"They Aren't Going to Listen to Anything but Violence": African Americans and the 1967 Buffalo Riot

Article excerpt

On Monday, 26 June 1967, a riot broke out in the city of Buffalo, New York, when two white police officers intervened in an altercation between two male African American teenagers. The riot erupted when a crowd of approximately two hundred African Americans, many of whom were residents of the Lakeview Projects, a public housing facility, responded to the perception that the police used excessive force in attempting to subdue the two youths. The rioting continued intermittently until Saturday, I July 1967. (2) On the first night of the riot, reports estimated that the crowd swelled from about 200 to 350 people. By the second night of the riot, approximately 1500 African Americans were involved, throwing stones and bricks at police officers who attempted to subdue the crowds with teargas. (3) The five-night riot resulted in about sixty injuries, over 180 arrests, and approximately $250,000 worth of property damage done to stores and homes. (4)

The Buffalo riot was part of a wave of riots that swept across urban areas of the North in the late 1960s. In spite of the gains made by the Civil Rights movement in the South, the quality of life for African Americans in Northern cities in the 1960s was deteriorating. The Second World War stimulated population growth among African Americans in the North. According to historian Henry Taylor, Buffalo's black population increased exponentially from 1950 to 1970 as African Americans migrated from the South to industrial jobs in the North. As Taylor explains, the growth of Buffalo's African American population then led to the phenomenon of white flight, which also occurred in other Northern cities at the time:

  As thousands of African Americans moved into Buffalo City, even
  greater numbers of whites fled to the emerging suburban hinterland.
  Driven by postwar prosperity, low-interest loan rates (through the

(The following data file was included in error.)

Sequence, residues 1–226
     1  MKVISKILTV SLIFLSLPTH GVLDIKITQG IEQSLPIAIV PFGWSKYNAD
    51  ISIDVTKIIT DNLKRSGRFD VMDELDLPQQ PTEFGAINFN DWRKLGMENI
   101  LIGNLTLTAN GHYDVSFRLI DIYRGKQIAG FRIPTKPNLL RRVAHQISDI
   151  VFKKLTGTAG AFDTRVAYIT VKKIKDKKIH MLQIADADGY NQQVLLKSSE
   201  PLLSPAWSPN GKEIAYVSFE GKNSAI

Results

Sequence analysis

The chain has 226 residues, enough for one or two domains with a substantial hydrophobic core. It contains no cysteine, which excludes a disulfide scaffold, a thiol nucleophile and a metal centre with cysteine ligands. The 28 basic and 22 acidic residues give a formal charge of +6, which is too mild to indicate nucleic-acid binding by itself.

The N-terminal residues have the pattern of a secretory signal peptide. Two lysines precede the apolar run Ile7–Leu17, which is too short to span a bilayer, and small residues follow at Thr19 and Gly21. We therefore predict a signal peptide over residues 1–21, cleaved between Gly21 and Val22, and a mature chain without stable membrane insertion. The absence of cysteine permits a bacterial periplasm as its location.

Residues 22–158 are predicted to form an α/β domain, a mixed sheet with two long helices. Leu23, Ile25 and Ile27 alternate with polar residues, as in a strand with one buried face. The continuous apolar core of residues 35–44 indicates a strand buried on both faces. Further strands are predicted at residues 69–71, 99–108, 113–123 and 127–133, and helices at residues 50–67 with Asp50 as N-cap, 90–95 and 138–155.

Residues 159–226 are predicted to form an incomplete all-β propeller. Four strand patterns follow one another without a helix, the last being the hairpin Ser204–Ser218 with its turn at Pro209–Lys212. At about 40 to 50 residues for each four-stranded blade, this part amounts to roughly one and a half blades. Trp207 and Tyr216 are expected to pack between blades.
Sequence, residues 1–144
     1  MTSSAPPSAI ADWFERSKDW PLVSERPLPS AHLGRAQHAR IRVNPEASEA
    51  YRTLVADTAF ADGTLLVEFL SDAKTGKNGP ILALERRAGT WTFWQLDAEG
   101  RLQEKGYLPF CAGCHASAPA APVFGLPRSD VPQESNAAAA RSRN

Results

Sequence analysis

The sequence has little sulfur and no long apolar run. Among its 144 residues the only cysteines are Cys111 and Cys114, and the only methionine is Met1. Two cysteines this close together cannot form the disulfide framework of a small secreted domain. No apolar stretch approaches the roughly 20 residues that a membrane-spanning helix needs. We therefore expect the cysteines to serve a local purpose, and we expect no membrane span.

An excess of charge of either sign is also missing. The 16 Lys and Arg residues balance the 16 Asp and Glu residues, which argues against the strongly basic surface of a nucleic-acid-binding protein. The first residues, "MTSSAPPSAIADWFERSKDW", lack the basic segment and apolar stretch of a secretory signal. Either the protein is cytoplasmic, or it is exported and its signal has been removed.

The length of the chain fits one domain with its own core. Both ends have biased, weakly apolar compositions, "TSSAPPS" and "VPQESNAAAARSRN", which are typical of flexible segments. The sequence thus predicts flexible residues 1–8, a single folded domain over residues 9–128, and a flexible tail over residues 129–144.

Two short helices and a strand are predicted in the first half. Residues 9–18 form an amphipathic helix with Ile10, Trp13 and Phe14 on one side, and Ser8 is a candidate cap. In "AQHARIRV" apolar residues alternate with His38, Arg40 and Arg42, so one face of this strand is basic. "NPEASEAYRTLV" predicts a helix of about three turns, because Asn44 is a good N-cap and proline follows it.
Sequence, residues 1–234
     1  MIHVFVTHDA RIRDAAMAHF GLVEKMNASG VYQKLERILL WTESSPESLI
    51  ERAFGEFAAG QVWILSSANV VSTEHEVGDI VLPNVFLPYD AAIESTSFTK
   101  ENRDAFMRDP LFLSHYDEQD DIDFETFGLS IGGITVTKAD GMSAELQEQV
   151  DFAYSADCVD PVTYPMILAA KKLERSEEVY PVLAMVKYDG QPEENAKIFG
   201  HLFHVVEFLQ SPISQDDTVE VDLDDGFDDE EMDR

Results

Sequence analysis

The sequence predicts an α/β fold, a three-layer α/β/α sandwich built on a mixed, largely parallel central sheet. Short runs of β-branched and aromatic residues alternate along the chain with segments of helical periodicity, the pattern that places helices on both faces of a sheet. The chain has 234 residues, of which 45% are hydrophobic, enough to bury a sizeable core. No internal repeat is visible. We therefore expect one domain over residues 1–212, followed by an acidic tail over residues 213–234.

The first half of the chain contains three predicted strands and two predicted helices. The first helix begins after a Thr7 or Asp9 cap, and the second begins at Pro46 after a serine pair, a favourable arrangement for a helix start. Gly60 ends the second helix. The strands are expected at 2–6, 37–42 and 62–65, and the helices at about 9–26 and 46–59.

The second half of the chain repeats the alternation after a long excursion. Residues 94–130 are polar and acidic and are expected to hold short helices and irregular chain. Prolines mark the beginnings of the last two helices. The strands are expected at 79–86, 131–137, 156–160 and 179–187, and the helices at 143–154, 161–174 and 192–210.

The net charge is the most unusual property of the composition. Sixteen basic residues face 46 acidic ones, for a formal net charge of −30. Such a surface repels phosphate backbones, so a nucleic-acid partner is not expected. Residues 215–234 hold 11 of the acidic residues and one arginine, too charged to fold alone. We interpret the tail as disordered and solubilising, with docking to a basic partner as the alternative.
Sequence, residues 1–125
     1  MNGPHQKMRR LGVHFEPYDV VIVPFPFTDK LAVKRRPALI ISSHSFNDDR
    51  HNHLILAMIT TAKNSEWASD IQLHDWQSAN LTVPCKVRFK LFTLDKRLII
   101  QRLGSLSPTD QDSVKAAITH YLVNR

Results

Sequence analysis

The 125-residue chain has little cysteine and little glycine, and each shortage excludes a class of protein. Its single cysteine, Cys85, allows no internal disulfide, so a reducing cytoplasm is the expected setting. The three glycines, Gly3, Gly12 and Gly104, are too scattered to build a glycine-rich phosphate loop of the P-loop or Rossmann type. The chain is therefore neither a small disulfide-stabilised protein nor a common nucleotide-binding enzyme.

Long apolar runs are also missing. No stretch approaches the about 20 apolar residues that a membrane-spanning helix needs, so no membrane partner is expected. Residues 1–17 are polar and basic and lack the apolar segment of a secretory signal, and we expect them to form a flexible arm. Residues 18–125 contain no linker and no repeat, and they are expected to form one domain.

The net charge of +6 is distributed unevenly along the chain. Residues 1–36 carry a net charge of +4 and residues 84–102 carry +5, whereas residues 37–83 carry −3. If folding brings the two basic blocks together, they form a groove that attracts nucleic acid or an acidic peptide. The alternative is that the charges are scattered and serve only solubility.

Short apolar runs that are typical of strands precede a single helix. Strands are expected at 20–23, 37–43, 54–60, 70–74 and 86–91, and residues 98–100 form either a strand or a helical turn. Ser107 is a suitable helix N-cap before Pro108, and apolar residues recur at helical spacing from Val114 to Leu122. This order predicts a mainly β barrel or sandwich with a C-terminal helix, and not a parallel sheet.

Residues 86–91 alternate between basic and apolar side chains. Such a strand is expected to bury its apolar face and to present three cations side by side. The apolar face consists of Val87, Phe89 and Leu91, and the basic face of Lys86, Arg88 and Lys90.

Federal Housing Authority and the Veterans Housing Administration),
  and radical changes in the home mortgage system, home ownership rose
  and fueled suburban development. Between 1950 and 1970 the Buffalo
  population declined by 117,000 people, a loss of 20 percent. ...
  Most people fleeing the city were white. (5)

White flight resulted in de facto housing segregation, wherein the majority of those living in the East Side of Buffalo were African Americans. At the time of the riot, approximately 100,000 African Americans resided in Buffalo. (6) They constituted 21 per cent of the total population of the city. (7) Most of them lived either within the area affected by the riot or nearby. According to a newspaper article, "the area in which the rioting broke out is bounded [on] the north by Genessee Street, on the west by Jefferson Street, on the south by Broadway and on the east by Fillmore Street." (8) The riot-affected area was referred to by the press as "the Negro ghetto," (9) suggesting that residential segregation was a well-known fact in Buffalo.

In order to comprehend the riot, it is necessary to consider the social conditions that produced it. Historian Kenneth Kusmer asserts that the Northern riots of the 1960s resulted from a combination of racism and deindustrialization. He maintains that "the rapidly growing African American communities of northern cities had largely been excluded from the fruits of urban renewal, suburbanization, and 'growth politics' promoted by white political and business leaders after World War Il ... the riots of the 1960s were one result of this increasing, and unacknowledged, inequality--a trend that coincided with the crisis of the declining industrial city." (10) Deindustrialization led to unemployment, particularly among young African American men, who were the first to be laid off as companies closed down their factories. De facto segregation in housing kept African Americans trapped in the deplorable conditions of Rust Belt cities with dwindling resources, such as Buffalo. In his study of the decline of the city of Detroit, historian Thomas Sugrue argues:

  The combination of discrimination and deindustrialization weighed
  most heavily on the job opportunities of young African American men. … 


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